Tuesday, June 27, 2006


I was browsing the blog's list of newspapers (as I try to do every couple of days) and came across the Danville Register & Bee. They had a feature, apparently built up over numerous issues, on the subject of lynching in general and in Southwest Virginia in particular. And it got me thinking - while Appalachia was in many ways the origin point of American anti-slave and desegregation movements it still had, and frankly still has, its problems in terms of ethnic, racial, and religious discrimination - human beings do live there, after all. I just wanted to share a couple of links with you that I though might be useful in considering this, and frankly, in helping us as Appalachians and Americans to remember we must remain conscious of the long-term effects of looking the other way when others act in bigotted ways. First, I want to link you to the Danville Register & Bee's stories and visuals - there are also some really good links. Secondly, I am going to link you up to a map of selected instances of lynching on the website The History of Jim Crow. . . this is where I first learned there was, in 1912, a lynching in my hometown of Bluefield. Sigh. And finally I am going to link you to PBS's The Rise and Fall of Jim Crow, which has an interactive map of particular quality, and which details the total number of lynchings in each state:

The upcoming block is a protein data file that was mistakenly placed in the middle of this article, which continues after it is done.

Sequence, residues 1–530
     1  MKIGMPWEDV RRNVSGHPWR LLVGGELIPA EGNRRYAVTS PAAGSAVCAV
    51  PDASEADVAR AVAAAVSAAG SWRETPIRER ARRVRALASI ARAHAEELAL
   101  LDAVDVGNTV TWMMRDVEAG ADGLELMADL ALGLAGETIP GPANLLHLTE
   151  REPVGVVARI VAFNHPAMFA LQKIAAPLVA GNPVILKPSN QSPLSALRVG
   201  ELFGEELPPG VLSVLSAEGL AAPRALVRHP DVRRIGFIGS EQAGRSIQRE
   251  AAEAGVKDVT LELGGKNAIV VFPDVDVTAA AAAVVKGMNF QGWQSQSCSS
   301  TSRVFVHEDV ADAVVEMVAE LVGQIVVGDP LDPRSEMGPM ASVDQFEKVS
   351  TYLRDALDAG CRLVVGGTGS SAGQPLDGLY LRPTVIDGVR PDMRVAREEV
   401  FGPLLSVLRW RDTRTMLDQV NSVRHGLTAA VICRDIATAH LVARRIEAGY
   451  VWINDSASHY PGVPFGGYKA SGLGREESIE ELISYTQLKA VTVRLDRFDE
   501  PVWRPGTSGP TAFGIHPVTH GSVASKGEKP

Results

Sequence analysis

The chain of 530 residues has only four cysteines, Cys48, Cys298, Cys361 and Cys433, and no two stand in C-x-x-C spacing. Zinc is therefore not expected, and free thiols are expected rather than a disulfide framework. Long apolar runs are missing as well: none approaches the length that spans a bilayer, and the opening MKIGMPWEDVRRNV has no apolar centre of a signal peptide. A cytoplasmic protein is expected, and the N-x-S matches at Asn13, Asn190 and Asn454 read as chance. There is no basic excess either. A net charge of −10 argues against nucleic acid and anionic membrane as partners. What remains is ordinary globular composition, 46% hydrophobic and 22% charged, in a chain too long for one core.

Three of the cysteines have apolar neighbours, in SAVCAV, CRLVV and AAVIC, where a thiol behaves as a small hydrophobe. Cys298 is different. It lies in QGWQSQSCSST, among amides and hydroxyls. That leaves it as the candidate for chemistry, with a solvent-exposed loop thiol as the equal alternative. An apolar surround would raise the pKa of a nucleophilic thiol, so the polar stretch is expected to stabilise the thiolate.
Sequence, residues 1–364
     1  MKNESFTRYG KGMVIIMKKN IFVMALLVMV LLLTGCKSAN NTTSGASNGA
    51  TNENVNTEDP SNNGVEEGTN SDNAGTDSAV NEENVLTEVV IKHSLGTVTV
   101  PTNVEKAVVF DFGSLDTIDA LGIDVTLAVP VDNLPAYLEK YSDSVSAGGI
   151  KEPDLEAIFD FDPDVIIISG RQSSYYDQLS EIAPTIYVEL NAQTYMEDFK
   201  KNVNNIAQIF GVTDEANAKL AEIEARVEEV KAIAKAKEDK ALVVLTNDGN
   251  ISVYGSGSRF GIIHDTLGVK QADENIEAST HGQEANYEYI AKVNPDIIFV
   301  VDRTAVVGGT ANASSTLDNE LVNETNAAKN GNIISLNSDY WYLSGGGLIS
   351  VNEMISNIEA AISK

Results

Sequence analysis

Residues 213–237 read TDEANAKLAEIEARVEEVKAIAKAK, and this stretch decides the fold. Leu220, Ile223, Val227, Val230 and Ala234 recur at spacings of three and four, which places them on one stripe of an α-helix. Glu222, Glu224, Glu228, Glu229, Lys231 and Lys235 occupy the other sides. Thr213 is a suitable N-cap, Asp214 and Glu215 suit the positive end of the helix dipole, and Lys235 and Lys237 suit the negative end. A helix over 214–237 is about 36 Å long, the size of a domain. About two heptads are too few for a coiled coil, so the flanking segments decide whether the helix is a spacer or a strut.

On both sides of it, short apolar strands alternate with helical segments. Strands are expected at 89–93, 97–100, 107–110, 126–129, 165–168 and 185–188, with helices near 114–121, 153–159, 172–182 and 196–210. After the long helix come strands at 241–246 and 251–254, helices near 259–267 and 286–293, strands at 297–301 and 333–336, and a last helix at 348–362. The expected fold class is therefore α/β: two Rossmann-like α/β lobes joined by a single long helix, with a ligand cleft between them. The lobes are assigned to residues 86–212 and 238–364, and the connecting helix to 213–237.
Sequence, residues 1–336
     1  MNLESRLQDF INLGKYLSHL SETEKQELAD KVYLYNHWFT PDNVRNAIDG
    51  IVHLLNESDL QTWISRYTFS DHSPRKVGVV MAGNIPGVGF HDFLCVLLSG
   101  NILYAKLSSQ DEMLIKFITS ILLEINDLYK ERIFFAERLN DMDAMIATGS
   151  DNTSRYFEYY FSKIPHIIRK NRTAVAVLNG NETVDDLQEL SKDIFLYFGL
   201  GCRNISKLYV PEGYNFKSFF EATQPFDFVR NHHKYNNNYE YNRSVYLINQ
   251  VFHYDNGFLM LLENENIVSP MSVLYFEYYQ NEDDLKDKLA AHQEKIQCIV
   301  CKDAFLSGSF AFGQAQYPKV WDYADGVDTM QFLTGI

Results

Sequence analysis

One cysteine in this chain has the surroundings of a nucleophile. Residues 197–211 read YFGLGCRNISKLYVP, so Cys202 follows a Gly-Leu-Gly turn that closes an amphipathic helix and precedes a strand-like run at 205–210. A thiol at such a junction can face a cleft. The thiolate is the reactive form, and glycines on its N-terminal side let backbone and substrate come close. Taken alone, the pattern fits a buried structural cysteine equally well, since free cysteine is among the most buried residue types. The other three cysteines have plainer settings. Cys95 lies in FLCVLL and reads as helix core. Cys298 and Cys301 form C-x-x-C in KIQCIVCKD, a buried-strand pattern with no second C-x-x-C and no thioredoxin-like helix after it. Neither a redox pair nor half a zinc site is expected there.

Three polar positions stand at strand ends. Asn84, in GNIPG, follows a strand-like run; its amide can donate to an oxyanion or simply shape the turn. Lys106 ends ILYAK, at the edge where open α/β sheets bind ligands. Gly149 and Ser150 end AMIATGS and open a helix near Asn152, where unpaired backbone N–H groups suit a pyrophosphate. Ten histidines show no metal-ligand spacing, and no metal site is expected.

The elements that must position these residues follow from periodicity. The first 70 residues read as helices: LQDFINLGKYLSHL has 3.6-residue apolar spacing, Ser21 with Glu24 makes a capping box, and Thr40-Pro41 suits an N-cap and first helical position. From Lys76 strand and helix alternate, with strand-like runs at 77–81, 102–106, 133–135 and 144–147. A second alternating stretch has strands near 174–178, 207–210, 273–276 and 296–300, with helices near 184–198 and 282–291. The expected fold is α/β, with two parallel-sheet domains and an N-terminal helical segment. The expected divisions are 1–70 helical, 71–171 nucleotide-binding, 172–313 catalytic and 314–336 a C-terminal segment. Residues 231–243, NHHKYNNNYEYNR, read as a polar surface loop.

Kentucky: 142 black and 63 white
North Carolina: 86 blacks and 15 white
Tennessee: 204 black and 47 white
West Virginia: 28 black and 20 white
Virginia: 83 black and 17 white

This subject, I should say, specifically brings to mind books such as Lies My History Teacher Told Me - works that bring up the propensity of educational institutions to be molded by their parent institutions (such as churches or governments) in order to manipulate childrens' perceptions of right or wrong and their loyalties. For me, this tendency, to teach our children not the whole truth, but the truth we think will be kindest and most "politically correct" (white people were nice to all their happy slaves, women were happier in the home performing only male-dictated activities, native Americans were socialist, environmentalist, never-greedy folk, African slaves were in their position only because of European [and not African as well] greed, the Western democracies have either done no evil or caused nothing but evil, and so on) is, I think, at the root of humanity's tendency to 'repeat history.' Our children do not learn because, for our own reasons, we deprive them of the knowledge they require to make superior political, economic, and socio-cultural decisions. Tell your kids not only about the sins of others, but of their ancestors' sins as well.

One other really . . .hmm . . . moving site is this one - Without Sanctuary. Its an incredible collection of horrible images that illustrate the horror of lynching in an incredibly powerful way.

1 comment:

Ferdinand said...

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